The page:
2014 69 58.0 39.1 13.0 4.3 0.0

German Continuers 2015 238 77.3 43.3 16.0 4.6 0.8

r
2014 277 0.4
70.4 42.2 1
14.4 4
4.0 0.0

German Extension 2015 68 6.2


66.2 25.0 2.9 1.5 1.5

14
2014 61 68
68.9 29.5 3.3 0.0

nuers
Indonesian Continuers 2015 63 71
71.4 44.4 22.2 6.3 0.0

D
2
2014 64 71.9 35.9 4.7 0.0

ackgroun Speakers
Indonesian Background 201
2015 7
72 100.0 83.3 11.1 0.0

201
2014 68 98.5 80.9 14.7 2.9 0.0

Italian Beginners 20
2015 361 83.1 59.6 39.1 16.9 6.1

2014 351 88.0 65.2 42.7 21.7 7.4

Italian Continuers 2015 272 79.4 46.7 23.2 3.7 1.1

2014 298 77.5 42.3 18.5 6.0 2.7

Italian Extension 2015 57 59.6 21.1 15.8 3.5 0.0

2014 67 77.6 56.7 20.9 4.5 0.0

Japanese Beginners 2015 642 86.9 61.7 39.1 18.2 7.3

2014 687 86.6 58.7 32.6 14.0 3.8

Japanese Continuers 2015 659 81.0 45.4 22.6 3.8 1.1

2014 624 82.9 42.0 21.3 4.0 0.6

Japanese Extension 2015 208 66.8 35.1 12.0 1.9 1.0

2014 191 70.7 28.3 3.7 0.0

Korean Background Speakers 2015 54 81.5 37.0 7.4 3.7 0.0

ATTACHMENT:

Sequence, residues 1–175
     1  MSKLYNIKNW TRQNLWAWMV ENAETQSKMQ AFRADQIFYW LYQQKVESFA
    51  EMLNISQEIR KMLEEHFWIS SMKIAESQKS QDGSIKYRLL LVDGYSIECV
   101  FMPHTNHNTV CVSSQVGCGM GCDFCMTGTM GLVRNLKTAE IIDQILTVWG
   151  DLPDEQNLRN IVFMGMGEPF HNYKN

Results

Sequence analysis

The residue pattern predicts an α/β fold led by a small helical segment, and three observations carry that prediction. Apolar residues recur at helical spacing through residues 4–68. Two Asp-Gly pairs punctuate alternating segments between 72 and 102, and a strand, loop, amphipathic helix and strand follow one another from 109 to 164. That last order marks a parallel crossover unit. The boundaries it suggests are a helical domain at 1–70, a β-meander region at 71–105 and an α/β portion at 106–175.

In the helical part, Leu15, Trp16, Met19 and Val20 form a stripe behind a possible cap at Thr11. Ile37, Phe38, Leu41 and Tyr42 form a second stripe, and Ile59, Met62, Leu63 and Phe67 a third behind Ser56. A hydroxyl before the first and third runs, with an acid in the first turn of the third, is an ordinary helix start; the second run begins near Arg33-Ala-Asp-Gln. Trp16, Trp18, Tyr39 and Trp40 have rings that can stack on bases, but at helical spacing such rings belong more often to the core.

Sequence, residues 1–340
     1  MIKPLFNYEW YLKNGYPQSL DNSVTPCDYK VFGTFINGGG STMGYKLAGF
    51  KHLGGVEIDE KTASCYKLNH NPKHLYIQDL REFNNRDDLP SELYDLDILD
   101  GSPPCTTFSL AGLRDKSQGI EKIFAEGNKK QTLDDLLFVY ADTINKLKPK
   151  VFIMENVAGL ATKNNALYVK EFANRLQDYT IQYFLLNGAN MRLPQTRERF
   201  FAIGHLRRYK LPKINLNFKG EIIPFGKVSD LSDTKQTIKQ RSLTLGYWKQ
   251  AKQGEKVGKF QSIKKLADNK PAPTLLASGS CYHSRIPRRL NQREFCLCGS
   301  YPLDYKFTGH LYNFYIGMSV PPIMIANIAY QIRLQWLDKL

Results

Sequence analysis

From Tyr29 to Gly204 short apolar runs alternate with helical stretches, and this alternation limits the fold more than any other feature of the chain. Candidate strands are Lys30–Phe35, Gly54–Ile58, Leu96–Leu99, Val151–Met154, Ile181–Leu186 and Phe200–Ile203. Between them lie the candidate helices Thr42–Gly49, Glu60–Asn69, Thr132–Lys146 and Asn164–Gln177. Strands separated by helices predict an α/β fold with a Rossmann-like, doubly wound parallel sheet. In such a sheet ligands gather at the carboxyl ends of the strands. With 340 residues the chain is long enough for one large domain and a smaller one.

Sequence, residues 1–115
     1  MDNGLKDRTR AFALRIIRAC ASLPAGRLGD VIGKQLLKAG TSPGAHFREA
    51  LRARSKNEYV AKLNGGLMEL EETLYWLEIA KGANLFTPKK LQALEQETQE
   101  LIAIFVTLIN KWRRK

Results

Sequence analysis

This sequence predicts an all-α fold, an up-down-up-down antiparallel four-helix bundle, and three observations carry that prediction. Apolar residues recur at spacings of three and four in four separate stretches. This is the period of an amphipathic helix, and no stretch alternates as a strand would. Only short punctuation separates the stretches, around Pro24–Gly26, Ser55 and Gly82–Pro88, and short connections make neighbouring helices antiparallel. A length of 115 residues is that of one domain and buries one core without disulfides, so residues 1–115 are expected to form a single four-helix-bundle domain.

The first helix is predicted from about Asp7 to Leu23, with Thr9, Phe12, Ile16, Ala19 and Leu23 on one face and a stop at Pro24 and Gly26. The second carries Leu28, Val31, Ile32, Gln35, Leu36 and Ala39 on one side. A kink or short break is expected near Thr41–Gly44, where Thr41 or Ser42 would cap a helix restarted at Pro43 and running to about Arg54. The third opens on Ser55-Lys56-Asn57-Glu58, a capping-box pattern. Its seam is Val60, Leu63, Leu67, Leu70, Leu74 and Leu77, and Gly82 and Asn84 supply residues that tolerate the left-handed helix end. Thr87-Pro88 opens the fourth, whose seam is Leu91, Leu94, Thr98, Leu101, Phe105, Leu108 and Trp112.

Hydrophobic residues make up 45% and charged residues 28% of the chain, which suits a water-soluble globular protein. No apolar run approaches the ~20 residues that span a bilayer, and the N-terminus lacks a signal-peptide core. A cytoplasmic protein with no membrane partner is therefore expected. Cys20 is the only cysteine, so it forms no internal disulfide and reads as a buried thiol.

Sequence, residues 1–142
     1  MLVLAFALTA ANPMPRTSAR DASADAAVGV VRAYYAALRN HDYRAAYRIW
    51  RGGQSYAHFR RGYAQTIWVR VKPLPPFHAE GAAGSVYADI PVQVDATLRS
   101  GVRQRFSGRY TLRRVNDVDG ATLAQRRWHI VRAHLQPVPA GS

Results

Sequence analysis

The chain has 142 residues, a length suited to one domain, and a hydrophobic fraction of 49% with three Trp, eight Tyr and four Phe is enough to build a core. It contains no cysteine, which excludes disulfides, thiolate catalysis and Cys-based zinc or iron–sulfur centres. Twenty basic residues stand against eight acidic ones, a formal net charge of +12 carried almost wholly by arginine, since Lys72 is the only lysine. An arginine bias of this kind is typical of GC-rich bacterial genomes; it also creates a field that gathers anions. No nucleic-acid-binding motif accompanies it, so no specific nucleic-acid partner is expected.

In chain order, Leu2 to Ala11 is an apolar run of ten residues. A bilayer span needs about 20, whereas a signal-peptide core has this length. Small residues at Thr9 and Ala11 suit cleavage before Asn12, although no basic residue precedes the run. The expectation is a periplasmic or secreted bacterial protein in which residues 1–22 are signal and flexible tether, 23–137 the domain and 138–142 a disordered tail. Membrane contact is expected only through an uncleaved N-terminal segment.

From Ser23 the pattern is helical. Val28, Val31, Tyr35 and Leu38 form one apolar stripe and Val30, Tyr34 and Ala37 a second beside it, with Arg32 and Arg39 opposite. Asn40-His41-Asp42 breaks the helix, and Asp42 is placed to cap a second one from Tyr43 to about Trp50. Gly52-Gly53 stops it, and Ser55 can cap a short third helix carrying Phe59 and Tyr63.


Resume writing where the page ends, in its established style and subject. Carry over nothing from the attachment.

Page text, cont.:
2014 63 84.1 49.2 15.9 3.2 0.0

Latin Continuers 2015 194 47.9 17.5 5.2 2.1 0.0

2014 161 56.5 25.5 7.5 5.0 0.0

Latin Extension 2015 129 22.5 8.5 2.3 0.0

2014 105 41.9 16.2 2.9 1.0 1.0

Modern Greek Beginners 2015 69 65.2 29.0 13.0 5.8 0.0

2014 47 57.4 38.3 17.0 10.6 8.5

42 Report on the Scaling of the 2015 NSW Higher School Certificate


Table A4 Distributions of HSC marks by course: 2015 and 2014 (continued)

Percentage of students with HSC mark less than:


Course Year Number
45 40 35 30 25
Modern Greek Continuers 2015 95 73.7 32.6 4.2 0.0

2014 102 71.6 33.3 2.9 1.0 0.0

Modern Greek Extension 2015 43 48.8 25.6 0.0

2014 47 44.7 25.5 10.6 6.4 0.0

Spanish Beginners 2015 177 89.8 58.2 23.2 4.0 0.0

2014 202 85.1 63.4 31.7 10.9 2.0

Spanish Continuers 2015 150 93.3 56.7 26.7 4.7 0.7